I can assume this is of no use for most of you, my constant readers.
But in case you googled for this or just happened to have Windows Phone 7 and cannot update it because of the error 80070026, which you see on the image below,
please know: the only solution that helps is complete reset.
Don’t waste your time on searching for solutions – I did it for you. Also reset is not that painful as you might imagine. Just ensure you have all your media and application data backed-up to some clouds or at least local drive. With good internet connection, which no doubt you have at home, reinstallation of apps is super quick, plus you will get rid of junk apps.
To reset either go to “Settings->About->Reset you phone” or use more geeky way with using phone buttons: turn off phone, then press both volume up and down buttons and hold and then press the power button (briefly) to switch the phone on. When you see reset screen release volume buttons and follow instructions.
You might be interested to know if there are some specifics to my situation, so here they are:
Phone: HTC Mozart T8698
Update: 7.10.7740.16 => 7.10.8107.79
When: On performing actual update
OS: Windows 7
Zune: latest version possible
Some links in case you have other update troubles:
If you found another solution to this problem please let me know.
We managed to create something more exciting. We invented pure FUN. So other 3 of us created mini-game “Face 2 Face”. Splashscreen below:
If you are building Windows Phone application you probably have faced… well… not rich support for unit testing. But of course there is one rescuing thing – WP7 is almost the same Silverlight application. Thus you have wider area to search for solution. Awesome… but I wouldn’t write this blog post if everything is that easy. Right?
Microsoft for some reason doesn’t care about huge community of those who use NUnit for their projects, and believe me not for small projects. So there of course is mstest project template that allows you to run tests inside of the appropriate CLR. There is good Silverlight Unit Tests Framework and here is information on how you can cheat in order to get it working for the phone. Problem with these two frameworks is obvious – they are not supporting console – they run in native for Silverlight environment – either on phone or in web. See pictures (phone and web respectively):
I know that there are ways to make it happen from console under (msbuild for example this temporary wp7ci project on codeplex). Hold on… one second. Again something very specific to Microsoft – msbuild. But what if I’m using nAnt?
I came up with odd solution to force nunit-console to run unit tests in command line. After I observed it crashing with error TargetFrameworkAttribute I reflected mscorlib and googled a bit to discover this attribute exists in mscorlib of 188.8.131.52 version, but nunit actually targets 184.108.40.206 one (.net 2.0). Thus I decided to download sources of NUnit and recompiled those against .net framework 4.0 (mscorlib 220.127.116.11). Reason for this error is that Silverlight also uses higher version of mscorlib.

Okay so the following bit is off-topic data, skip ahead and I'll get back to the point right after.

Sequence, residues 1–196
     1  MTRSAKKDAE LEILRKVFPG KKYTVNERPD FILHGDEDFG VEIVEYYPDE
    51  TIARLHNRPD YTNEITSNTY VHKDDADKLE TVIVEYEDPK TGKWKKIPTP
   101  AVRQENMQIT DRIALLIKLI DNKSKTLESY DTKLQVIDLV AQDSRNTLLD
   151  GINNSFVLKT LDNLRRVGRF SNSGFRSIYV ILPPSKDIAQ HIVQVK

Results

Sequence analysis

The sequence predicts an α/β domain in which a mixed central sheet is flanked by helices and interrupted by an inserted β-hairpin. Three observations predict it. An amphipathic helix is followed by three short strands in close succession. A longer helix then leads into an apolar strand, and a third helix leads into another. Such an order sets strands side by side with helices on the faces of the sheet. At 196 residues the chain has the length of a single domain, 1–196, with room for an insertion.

Before upgrading to Mango our tests for WP7 were created by testDriven (to be honest – it is what they use inside of their SUTF). We didn’t have support for command line and tests were running only because they are so Silverlight compatible.
With updating to Mango everything just died. Tests projects simply didn’t get loaded into solution. With this message:
“Not a big deal” you say. Actually a big deal, because you can get rid of this message by editing project files to have target framework profile set to WP71 and to reference only WP71 assemblies. But in this case you lose all of you compatibility with Silverlight and when you run your tests you start to get weirdest exceptions in the world like this one below:
System.DivideByZeroException : Attempted to divide by zero.
At least this brings some more sense:
System.InvalidProgramException : Common Language Runtime detected an invalid program.
Solution I came up with is not 100% right, but at least it works. I just had to pretend that I’m still completely compatible with Silverlight. So I created copy of my project. One is considered to be used from command line and other for usage from VS.
Project 1 is used under VS has correct references directly to WP71 assemblies, like below:
This ensure that VS loads your projects without errors, also you make it think it is WP7 by these:
<Import Project="$(MSBuildExtensionsPath)MicrosoftSilverlight for Phone$(TargetFrameworkVersion)Microsoft.Silverlight.$(TargetFrameworkProfile).Overrides.targets" />
<Import Project="$(MSBuildExtensionsPath)MicrosoftSilverlight for Phone$(TargetFrameworkVersion)Microsoft.Silverlight.CSharp.targets" />
Project 2 is used for console and is pretended to be pure Silverlight, so it has:
Which in reality copies (because of <Private>) wrong assemblies – from Silverlight, not from phone.
You would need to play a lot with which assemblies you want to get in folder where you run tests. I do have some confidence that Silverlight and WP7 are much compatible thanks to this brilliant explanation of what is WP7 from developer’s view.
At #1186 I finally got build working and running tests. At #1193 I invented this Silverlight pretending trick. And finally till build number #1196 I ignored couple of incompatible tests and fixed some really failing tests.
Hope this helps someone. At least it is going to help my team.